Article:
Raw atheism—“there is no god”—can be an easy target for theists like us. How nice it can be to mow down opponents with verse 1’s wonderful insult! After all, who wants to be a fool? Extracting this passage from its context, we can relish the implied assurance—you’re not a fool...

Ever-powerful God, help me keep my foolish self-idolatry at a manageable level today. Amen.


2 Comentarios
Iniciar sesión to leave a comment
Leccionario Semanal
July 23–29, 2018
Generalidades de la Escritura

The Bible is filled with the stories of imperfect people. David is a classic case. In Second Samuel he commits adultery, tries to cover it up, and then plots a murder. How can this be the same man who penned this week’s psalm, which decries the foolishness of people who act in a godless way? Like us, David was a fallen person who needed God’s extravagant mercy. In Ephesians we read of this same extravagance given through Christ, whose power can do what we cannot—namely redeem all of us who are also foolish and fallen. The Gospel author demonstrates the power of Jesus through what he describes as “signs,” which Jesus performed not primarily to amaze the onlookers but rather to point them to his identity as the Son of God.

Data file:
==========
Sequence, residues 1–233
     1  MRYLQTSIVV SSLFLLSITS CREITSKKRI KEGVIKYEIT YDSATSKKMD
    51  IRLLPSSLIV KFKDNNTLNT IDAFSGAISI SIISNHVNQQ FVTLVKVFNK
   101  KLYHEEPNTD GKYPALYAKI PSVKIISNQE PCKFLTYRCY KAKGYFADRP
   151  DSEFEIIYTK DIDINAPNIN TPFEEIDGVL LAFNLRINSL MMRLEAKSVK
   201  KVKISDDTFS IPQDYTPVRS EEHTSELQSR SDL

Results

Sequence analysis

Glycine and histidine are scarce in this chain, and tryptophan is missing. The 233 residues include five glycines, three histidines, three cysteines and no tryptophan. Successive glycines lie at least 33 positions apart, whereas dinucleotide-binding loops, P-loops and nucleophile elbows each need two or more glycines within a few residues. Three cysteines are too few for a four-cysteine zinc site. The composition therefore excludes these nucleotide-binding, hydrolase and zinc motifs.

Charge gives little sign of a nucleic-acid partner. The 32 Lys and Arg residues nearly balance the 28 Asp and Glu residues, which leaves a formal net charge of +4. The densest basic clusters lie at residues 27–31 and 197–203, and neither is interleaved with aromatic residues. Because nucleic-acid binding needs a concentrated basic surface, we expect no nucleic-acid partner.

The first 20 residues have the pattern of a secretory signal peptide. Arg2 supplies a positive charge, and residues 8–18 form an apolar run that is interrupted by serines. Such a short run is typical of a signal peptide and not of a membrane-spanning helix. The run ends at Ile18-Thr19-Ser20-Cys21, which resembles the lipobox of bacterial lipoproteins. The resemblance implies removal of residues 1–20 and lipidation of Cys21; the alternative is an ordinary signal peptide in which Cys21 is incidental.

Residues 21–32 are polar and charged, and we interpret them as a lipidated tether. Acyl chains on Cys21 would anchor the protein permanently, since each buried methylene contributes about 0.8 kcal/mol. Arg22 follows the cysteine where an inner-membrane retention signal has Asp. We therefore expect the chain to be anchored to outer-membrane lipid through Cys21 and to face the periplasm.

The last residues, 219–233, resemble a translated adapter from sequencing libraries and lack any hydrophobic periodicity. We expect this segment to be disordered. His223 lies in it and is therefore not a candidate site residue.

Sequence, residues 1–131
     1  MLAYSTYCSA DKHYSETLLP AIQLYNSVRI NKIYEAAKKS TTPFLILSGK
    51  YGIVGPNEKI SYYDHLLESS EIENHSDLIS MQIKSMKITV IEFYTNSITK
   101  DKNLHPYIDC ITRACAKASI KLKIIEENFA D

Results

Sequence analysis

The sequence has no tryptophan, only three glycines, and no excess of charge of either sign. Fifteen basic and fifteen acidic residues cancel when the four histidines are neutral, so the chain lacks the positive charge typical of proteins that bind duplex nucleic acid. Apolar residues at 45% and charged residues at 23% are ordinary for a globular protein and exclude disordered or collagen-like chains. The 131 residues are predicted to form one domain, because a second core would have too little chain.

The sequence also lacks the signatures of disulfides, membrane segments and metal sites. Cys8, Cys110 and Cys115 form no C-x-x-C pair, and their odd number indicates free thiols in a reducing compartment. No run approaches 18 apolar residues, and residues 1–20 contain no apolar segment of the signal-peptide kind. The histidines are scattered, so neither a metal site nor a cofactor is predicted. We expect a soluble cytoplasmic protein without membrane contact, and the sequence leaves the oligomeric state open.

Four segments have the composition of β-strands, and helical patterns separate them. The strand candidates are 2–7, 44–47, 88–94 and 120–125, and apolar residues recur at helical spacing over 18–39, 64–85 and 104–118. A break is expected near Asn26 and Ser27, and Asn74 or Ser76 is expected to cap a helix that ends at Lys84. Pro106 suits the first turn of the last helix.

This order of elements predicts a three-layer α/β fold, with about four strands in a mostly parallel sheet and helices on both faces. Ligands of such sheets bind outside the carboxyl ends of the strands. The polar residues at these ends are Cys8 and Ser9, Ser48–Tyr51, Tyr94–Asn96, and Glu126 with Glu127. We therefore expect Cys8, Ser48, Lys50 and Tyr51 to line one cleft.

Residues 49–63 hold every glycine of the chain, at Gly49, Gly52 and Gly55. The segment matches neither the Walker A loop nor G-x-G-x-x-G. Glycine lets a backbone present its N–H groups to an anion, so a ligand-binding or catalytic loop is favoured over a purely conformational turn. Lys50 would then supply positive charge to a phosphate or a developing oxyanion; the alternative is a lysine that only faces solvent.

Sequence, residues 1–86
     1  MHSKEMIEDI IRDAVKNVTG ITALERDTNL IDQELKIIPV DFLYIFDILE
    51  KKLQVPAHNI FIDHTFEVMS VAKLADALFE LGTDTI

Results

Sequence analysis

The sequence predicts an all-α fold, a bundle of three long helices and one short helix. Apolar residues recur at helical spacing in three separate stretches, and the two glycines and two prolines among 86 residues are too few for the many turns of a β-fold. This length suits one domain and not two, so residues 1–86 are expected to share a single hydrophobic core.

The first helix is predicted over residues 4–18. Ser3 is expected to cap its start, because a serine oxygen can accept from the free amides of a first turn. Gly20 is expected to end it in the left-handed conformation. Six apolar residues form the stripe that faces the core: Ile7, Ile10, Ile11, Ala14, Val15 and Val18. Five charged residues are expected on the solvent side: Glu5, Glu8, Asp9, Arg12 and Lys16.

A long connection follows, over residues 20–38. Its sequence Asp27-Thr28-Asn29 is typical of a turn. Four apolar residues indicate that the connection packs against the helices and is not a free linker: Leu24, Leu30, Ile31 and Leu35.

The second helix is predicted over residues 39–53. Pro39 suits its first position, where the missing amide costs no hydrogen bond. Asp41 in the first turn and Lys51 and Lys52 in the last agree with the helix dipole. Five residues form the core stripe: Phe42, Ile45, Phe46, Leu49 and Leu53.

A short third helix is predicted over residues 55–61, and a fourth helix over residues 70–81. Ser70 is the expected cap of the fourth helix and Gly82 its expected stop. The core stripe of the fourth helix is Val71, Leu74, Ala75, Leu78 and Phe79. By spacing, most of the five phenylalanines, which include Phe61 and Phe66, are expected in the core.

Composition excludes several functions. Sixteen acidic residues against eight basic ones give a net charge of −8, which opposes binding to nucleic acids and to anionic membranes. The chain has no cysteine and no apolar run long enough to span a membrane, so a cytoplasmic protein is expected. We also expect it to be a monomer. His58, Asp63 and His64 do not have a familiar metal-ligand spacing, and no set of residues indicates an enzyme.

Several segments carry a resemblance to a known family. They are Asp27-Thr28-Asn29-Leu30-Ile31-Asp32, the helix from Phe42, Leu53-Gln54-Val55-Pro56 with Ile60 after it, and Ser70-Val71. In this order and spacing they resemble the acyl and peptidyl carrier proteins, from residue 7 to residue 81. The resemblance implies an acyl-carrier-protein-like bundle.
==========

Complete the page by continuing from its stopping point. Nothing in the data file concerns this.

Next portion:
Pensamientos de reflexión

• Read 2 Samuel 11:1-15. How often do you consider the ramifications of your decisions and actions on the wider body?
• Read Psalm 14. How frequently do you find yourself envisioning a life free of constraints? What does that life look like?
• Read Ephesians 3:14-21. How does “being rooted and grounded in love” manifest itself in your life?
• Read John 6:1-21. When have you tried to force God into a mold of your own making to serve your needs?

Respond by posting a prayer.

Recent News


Sin noticias actuales. Por favor vuelva después.

Resources placeholder

Encuentre recursos relacionados

Ver todo
Subscribe icon

Puede ver contenido 30 días más.

Regístrese ya